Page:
Professor Doron Bar, President of the Schechter Institutes of Jewish Studies, shares with us an excerpt of his research published in his Hebrew book “From Vienna to Jerusalem: Herzl’s Last Trip”. Read more about the moving burial ceremony that was held for this great visionary.
Back in 1949, August 17th, Benjamin Ze’ev Herzl was buried at the summit of Mount Herzl in Jerusalem. His funeral was the culmination of an operation that had taken many months to organize, during which his bones and those of his family members were removed from the family grave in the cemetery in Vienna. In doing so, the State of Israel fulfilled the wishes expressed in Herzl’s will, in which he specifically asked to be buried in the Land of Israel.
The impressive burial ceremony was attended by over 6,000 guests who stood at attention when Herzl’s casket was lowered into his grave, accompanied by drums and trumpets. At that moment, a siren was sounded in different places in the country, and the citizens of the country observed a moment of silence in honor of Herzl. As the coffin was lowered into the ground, three hundred people, all dressed in white, approached the open grave and each threw in white bags containing earth brought from various localities throughout the State of Israel.
In the days before the ceremony, these white cloth bags had been sent to kibbutzim, moshavim, local councils and cities throughout Israel. In an accompanying letter, the representatives of the communities were asked to fill the bag with earth from their land, to write the name of their community on it, and to arrive in proper attire for the funeral. The symbolism here was clear – when Herzl’s coffin was lowered to the ground, the soil of the Land of Israel and the many Jewish settlements would cover it.
In many communities, ceremonies of filling the dirt bags were held in preparation for the funeral. For example, the Broza family (popular for their music) filled a bag with earth collected near the “Herzl cedar”, actually a cypress tree planted by Herzl in 1898. A delegation from the municipality of Haifa collected earth from the garden of the Technion building and sand from the harbor from which immigration ships were expelled by the British.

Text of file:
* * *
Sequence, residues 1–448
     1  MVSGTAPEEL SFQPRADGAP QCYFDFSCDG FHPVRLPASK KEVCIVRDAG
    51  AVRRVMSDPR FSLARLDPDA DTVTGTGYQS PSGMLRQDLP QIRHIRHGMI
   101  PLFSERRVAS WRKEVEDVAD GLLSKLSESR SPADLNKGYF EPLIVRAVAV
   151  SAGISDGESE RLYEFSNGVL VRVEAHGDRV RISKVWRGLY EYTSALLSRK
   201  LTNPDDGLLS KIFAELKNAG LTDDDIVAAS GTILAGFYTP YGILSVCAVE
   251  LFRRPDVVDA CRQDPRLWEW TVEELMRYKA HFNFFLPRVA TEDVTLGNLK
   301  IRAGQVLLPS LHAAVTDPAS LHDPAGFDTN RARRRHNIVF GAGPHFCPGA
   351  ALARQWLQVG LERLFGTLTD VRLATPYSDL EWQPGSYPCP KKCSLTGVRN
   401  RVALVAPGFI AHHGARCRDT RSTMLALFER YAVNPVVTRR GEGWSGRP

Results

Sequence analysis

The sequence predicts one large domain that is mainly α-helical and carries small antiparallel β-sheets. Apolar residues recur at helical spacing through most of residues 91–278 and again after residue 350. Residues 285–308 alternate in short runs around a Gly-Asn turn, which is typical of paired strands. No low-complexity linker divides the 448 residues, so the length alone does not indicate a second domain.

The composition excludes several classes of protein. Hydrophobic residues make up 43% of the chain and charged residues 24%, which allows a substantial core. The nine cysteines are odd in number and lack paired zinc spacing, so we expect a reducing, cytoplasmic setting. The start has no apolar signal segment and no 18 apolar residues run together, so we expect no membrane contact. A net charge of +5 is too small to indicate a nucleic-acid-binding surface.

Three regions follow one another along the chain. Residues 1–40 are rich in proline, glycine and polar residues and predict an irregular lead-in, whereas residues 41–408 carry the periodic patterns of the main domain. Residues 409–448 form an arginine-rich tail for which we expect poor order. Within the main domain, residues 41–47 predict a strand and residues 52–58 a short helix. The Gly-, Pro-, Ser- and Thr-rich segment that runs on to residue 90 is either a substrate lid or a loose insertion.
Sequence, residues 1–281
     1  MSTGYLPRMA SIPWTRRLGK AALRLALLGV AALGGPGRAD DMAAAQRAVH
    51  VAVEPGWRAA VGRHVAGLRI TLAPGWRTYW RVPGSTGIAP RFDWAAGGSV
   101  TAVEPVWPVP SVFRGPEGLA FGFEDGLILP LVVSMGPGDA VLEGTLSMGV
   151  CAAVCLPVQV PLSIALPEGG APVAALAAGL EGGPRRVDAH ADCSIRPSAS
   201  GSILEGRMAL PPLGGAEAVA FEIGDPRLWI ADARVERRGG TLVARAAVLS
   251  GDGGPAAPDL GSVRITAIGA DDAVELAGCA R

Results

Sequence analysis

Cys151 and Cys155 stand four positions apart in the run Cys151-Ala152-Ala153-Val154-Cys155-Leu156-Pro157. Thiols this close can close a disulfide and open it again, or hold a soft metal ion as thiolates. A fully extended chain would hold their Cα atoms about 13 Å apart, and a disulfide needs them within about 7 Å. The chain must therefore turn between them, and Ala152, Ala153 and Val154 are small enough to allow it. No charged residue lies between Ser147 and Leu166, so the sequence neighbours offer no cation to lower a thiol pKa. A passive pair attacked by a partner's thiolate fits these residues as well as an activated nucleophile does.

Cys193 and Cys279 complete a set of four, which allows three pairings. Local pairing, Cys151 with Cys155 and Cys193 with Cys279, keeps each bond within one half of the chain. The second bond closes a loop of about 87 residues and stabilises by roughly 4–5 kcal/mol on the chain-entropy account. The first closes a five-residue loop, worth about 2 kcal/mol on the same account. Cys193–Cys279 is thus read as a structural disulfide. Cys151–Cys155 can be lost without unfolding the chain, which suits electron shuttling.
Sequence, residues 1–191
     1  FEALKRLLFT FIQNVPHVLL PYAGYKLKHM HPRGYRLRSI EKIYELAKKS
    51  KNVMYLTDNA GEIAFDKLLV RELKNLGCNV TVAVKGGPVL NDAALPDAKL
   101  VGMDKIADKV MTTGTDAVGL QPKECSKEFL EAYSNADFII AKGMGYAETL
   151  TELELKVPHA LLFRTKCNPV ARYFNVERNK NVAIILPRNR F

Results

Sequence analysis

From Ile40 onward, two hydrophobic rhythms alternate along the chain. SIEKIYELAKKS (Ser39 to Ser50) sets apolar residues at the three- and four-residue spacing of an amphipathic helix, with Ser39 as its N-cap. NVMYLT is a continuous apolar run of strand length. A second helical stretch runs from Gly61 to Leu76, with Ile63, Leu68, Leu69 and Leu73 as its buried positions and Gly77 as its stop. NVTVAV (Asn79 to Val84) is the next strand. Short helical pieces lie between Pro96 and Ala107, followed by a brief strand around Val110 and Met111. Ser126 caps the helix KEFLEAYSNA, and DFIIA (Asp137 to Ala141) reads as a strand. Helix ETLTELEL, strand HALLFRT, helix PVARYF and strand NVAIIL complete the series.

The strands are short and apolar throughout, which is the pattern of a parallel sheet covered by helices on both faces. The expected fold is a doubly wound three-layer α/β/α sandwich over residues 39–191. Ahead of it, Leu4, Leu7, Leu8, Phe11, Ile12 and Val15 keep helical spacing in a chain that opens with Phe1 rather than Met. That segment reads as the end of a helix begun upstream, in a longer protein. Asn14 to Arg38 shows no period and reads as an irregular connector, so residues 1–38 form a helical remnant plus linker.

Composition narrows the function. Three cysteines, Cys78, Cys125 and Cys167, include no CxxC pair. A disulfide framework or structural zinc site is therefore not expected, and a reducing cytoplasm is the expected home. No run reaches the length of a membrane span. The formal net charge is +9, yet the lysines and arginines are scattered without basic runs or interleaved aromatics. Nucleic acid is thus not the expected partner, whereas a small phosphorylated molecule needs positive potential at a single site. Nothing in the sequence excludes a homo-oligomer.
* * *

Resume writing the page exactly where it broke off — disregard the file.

Since participation in the burial ceremony involved great prestige, in many localities the residents competed for the right to take part in it. In Kibbutz Degania A, for example, they decided to give the honor to Shalom Hochbaum, the member of the kibbutz who stepped forward with a Molotov cocktail in his hands when a long row of Syrian tanks was approaching the kibbutz and stopped them from moving further south.
On the 100th anniversary of Herzl’s birth, which fell on July 15th, 1960, the veil was removed from the new black headstone that was placed over Herzl’s grave. Representatives of different settlements were also invited to this ceremony and placed blue and white cloth bags containing earth on Herzl’s grave.
On August 17th, 2019, the seventieth anniversary of the burial of Herzl’s bones in Jerusalem, a memorial ceremony was held on Mount Herzl, during which symbolic bags of gravel were placed on the grave of the state’s visionary as a gesture of honor and recognition.
Doron Bar, former president and dean of the Schechter Institute of Jewish Studies, is a professor of Land of Israel studies. He earned his PhD from The Hebrew University in Historical Geography. Professor Bar is researching the development of popular and national holy places. He is a seventh generation descendant of an Old Yishuv Jerusalem family.